DC TV Watch: 'The Flash' Producer Shoots Down Mystery Girl Theories

The Flash Jessica Parker Kennedy - Screenshot - H 2018
Courtesy of The CW

Welcome back to The Hollywood Reporter's weekly DC TV Watch, a rundown of all things DC Comics on the small screen. Every Friday, we round up the major twists, epic fights, new mysteries and anything else that goes down on The CW's Arrow, The Flash, Legends of Tomorrow, Supergirl and Black Lightning and Fox's Gotham. Note: Arrow and Supergirl did not air new episodes this week.

The Flash

Mystery remains unsolved | With all of THR's theorizing over who The Flash's "mystery girl" could be, from alternate earth speedsters to time-traveling future daughters of Barry (Grant Gustin) and Iris (Candice Patton), it seems as if none of the predictions laid out have been correct. Executive producer Todd Helbing says that every theory he's seen so far about who Jessica Parker Kennedy has been playing ever since her first appearance in the "Crisis On Earth-X" crossover has "not really" been correct. "Every year there's theories all over the place about what we're doing and some of them get pretty close, some of them they hit like one part of it but they don't get other parts, so it's fun to read," he says. "I don't think anybody ever is going to guess exactly what it is." While it is possible that The Flash is going with a character not from the comics for Kennedy, it's more likely that she'll be an amalgamation of Dawn Allen, Jenni Ognats and other iconic female speedsters from the comics. The only question that remains: Will she be a descendent from Barry and Iris from the future, or is she from the present, but from Earth-3 as Jay Garrick's (John Wesley Shipp) new mentee? If Helbing says neither of those theories are totally correct, what if it was an amalgamation of those as well? That could work if Barry and Iris' future daughter time-traveled to the present to be Earth-3's new speedster when Jay retires.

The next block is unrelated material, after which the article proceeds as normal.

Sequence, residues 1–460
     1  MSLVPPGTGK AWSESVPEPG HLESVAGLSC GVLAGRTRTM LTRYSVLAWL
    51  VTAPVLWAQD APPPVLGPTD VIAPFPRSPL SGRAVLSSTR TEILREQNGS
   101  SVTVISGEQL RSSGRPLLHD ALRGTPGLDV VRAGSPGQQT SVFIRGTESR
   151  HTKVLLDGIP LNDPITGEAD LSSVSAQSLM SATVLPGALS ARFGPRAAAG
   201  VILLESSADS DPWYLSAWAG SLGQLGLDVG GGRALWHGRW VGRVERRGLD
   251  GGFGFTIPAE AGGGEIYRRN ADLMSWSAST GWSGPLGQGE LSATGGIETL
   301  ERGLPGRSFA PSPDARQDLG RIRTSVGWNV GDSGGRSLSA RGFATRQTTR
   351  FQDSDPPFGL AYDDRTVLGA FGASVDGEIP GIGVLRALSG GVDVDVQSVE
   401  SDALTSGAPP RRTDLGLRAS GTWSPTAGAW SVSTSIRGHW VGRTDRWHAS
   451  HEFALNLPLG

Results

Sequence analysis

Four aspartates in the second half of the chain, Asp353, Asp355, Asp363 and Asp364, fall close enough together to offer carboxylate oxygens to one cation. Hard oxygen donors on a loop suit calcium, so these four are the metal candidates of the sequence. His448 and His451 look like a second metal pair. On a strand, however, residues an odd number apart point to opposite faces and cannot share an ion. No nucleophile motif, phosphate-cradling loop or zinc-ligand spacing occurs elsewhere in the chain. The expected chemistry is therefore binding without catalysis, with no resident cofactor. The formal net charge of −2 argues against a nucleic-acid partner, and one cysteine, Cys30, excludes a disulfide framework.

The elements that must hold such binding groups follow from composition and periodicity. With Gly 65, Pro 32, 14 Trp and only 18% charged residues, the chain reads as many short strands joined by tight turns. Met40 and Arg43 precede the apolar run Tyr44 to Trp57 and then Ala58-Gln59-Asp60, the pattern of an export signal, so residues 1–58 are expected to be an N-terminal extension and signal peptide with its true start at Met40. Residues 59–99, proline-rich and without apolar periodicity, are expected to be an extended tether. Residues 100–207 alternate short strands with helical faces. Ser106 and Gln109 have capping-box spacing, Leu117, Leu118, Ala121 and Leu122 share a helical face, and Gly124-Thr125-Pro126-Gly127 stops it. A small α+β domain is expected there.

Unintended consequences | Much to the delight of Iris fans everywhere, The Flash put her back on the path toward her journalism career after her temporary bout as a speedster left her craving more (especially since "we've still got that article in 2024 we've got to deal with," according to Patton). "Having Barry's powers for an episode really made her realize what she's passionate about," Patton says. "It reignited for her that she still has to find that, and that journalism is the thing that she put to the side to take up the mantle at STAR Labs, but it's still a part of her, and it's still the reason that she wakes up." Helbing adds that bringing back reporter Iris "certainly was something that we knew we wanted to get back to. This felt like the most organic time to have this reawakening." This is a good move for the series, as Iris is at her best when she not only leads Team Flash but also fulfills her own personal passion of breaking stories and fighting injustice in a more active role. One of the longest-running criticisms of The Flash has been Iris' disappearing journalism career, so it's about time to see this come back into the picture.